On Thursday, President Trump announced that the remaining U.S. troops in Afghanistan — which peaked at 100,000 under the Obama administration but has since been reduced to under 8,600 during the Trump administration — should be home by Christmas.
Trump touted the news on Twitter, saying, "We should have the small remaining number of our BRAVE Men and Women serving in Afghanistan home by Christmas!"
We should have the small remaining number of our BRAVE Men and Women serving in Afghanistan home by Christmas!— Donald J. Trump (@Donald J. Trump)1602113294.0
The withdrawal is the immediate result of a historic agreement between the U.S. and Afghanistan struck in February in which the U.S. offered to withdraw all troops from the country by May 2021 in exchange for counterterrorism guarantees from the Taliban.
The president has been outspoken during his presidency about the need to end America's "endless wars," and has taken major steps to withdraw U.S. troops from areas such as Afghanistan and Iraq.
The total military withdrawal from Afghanistan would be a major achievement for the president. Though it should be noted that Trump's tweet appears to be at odds with a statement made hours earlier by his national security adviser, Robert O'Brien, who said that the number of troops would be reduced to 2,500 by the new year.
The end of a nearly 20-year war
It was 19 years ago in the aftermath of the Sept. 11, 2001, terrorist attacks that American troops were first deployed to Afghanistan to root out and combat the terrorists responsible.
According to a startling report from Stars and Stripes that puts the length of the U.S. conflict in Afghanistan in perspective, some of those same troops have watched as their sons and daughters deployed to the same fight.
"When we started this, people asked why I was going, and my response was, 'So my sons don't have to fight this war,'" Master Sgt. Trevor deBoer told the military news outlet this week. deBoer has been deployed to Afghanistan three times with the 20th Special Forces Group since 2002, the outlet reported.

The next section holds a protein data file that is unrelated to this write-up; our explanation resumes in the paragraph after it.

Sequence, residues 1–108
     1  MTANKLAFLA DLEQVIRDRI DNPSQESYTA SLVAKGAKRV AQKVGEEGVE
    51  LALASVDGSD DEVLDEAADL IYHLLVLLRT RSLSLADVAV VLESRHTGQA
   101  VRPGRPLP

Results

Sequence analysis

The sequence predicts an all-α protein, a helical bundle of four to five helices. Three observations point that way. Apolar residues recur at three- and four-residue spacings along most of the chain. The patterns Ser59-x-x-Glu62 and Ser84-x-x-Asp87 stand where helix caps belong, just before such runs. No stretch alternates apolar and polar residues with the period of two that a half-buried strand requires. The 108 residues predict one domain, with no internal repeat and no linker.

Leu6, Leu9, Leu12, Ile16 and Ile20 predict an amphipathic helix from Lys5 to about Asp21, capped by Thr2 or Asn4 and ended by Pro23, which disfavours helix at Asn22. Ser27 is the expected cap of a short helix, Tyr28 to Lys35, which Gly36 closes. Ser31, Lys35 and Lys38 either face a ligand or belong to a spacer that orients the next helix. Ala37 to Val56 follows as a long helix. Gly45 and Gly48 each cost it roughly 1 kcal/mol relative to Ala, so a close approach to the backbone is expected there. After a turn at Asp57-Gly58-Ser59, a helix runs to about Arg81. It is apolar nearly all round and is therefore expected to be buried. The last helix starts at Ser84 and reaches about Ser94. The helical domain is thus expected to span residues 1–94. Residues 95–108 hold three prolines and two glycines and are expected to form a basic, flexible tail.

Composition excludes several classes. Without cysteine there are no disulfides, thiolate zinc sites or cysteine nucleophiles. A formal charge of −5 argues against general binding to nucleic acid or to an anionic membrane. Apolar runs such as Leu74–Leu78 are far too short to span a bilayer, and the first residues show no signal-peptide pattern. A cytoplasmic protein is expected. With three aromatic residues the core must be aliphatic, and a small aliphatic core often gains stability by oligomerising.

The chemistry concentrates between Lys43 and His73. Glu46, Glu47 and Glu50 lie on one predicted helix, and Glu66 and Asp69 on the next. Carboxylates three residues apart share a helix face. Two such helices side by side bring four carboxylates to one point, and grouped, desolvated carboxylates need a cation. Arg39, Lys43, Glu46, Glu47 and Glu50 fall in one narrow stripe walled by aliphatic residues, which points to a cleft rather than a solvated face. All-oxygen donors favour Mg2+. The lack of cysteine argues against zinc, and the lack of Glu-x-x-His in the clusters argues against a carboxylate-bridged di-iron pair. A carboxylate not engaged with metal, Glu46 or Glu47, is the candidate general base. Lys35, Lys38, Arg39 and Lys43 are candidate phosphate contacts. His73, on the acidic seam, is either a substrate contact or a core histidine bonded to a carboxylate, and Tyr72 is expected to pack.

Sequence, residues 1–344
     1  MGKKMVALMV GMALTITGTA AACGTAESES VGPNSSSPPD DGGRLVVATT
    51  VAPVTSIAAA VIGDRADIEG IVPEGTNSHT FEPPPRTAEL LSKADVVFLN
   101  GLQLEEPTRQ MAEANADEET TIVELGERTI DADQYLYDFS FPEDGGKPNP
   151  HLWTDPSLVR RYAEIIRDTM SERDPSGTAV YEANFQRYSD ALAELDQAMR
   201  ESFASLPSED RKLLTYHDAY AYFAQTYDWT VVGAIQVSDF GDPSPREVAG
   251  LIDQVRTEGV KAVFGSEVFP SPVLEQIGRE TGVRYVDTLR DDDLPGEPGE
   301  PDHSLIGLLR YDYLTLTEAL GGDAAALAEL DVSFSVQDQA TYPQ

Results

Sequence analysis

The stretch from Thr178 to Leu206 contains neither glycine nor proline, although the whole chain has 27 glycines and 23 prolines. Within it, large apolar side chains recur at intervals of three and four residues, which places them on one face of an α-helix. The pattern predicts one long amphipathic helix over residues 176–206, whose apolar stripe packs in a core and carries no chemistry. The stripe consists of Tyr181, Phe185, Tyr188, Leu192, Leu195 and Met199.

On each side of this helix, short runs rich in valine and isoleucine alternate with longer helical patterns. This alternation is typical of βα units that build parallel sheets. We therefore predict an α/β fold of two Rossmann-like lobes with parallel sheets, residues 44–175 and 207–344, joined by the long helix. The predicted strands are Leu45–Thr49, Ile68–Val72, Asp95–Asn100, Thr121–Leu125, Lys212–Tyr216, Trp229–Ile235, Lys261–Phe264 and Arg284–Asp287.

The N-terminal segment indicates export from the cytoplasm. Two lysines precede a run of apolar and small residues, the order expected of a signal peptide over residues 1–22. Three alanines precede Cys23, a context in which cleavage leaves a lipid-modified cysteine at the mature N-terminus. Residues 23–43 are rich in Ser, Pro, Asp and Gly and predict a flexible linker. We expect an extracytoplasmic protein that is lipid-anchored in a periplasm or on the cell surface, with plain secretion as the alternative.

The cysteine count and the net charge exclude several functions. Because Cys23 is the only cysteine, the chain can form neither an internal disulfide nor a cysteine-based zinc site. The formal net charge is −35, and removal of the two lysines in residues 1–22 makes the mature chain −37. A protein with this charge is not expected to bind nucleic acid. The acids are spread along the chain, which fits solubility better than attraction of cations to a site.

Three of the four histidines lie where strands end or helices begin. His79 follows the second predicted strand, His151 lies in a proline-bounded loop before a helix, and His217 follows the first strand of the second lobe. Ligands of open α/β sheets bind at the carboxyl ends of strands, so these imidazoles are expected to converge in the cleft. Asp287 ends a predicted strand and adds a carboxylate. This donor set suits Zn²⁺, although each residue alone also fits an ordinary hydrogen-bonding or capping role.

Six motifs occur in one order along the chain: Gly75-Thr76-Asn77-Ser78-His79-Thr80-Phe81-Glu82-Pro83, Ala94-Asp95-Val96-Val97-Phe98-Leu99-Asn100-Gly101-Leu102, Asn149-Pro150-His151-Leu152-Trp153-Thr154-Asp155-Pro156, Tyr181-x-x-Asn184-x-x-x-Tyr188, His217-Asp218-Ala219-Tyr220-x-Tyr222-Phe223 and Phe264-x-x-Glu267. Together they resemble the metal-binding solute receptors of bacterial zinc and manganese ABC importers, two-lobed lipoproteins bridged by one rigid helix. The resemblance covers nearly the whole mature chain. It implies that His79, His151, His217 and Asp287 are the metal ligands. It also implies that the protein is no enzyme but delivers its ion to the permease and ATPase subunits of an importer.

Despite his wishes, nearly two decades later, his son, Specialist Payton Sluss, was deployed to Afghanistan to fight on the same ground.
"My feet were walking the same land you were," Sluss reportedly told his father in a joint phone interview, referring to Forward Operating Base Fenty, near the city of Jalalabad.
Michael Kreuger, a former Army sergeant, fought in Pech Valley in 2010. Eight years later, his son Trenton was deployed to Afghanistan to serve in the 2nd Infantry Brigade Combat Team, 4th Infantry Division, just like his father.
Kreuger told Stars and Stripes recently that he just hopes his grandson won't also be deployed to Afghanistan to fight the same battles "for the same reason."
The Mavalwallas, a father and son who share the first name, Bajun, had the unique experiencing of serving together in Afghanistan at the same time and even met up in 2012 while serving.
The Mavalwallas are not alone, either. Fox News reported last year about Command Sgt. Maj. Michael Kirby and his son, Specialist Kyle Kirby, who were deployed together in February 2019 to join more than 150 other soldiers serving in Afghanistan as part of Operation Spartan Shield.
"This is my 5th deployment, it's his first, we're fortunate to be in the same unit now, so I know mom's pretty excited about that," Michael Kirby said at the time.